Despite Sabah’s rather haphazard approach to making the most of its superb natural resources, the designation of the Lower Kinabatangan as a wildlife sanctuary in 2005 was a commendable move. That said, sanctuary status is one level below that of a national park, so villages and agricultural development have been allowed to crisscross the protected sections. Furthermore, only the area immediately alongside the river is protected; as animals have lost their habitats when the surrounding areas have been converted into palm-oil plantations, they have effectively been pushed into the narrow protected corridor.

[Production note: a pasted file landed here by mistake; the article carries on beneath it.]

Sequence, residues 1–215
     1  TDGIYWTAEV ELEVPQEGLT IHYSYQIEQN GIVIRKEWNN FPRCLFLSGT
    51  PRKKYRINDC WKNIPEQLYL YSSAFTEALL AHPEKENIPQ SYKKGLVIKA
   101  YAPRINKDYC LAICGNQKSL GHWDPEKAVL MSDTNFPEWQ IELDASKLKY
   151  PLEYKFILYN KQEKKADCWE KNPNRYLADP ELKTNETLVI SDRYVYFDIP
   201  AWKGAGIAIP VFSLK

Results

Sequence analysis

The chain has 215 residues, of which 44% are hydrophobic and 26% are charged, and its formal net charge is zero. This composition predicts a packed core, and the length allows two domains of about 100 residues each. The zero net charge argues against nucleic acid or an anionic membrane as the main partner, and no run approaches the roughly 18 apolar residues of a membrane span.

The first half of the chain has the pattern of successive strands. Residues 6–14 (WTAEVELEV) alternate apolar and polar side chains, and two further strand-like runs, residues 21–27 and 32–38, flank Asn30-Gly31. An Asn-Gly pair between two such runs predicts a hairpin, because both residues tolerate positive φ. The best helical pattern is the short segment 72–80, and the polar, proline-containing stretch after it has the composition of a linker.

This means that it is highly likely that, over a number of boat rides and short treks, you will see elephants (if they are in the area), orang-utans, proboscis monkeys, macaques and gibbons. The resident birdlife is equally impressive. With luck, visitors get glimpses of hornbills, brahminy kites, crested serpent eagles, egrets, exquisite blue-banded and stork-billed kingfishers, and oriental darters, which dive underwater to find food and then sit on the shore, their wings stretched out to dry. The river itself holds freshwater sharks, crocodiles and rays, and a great variety of fish species.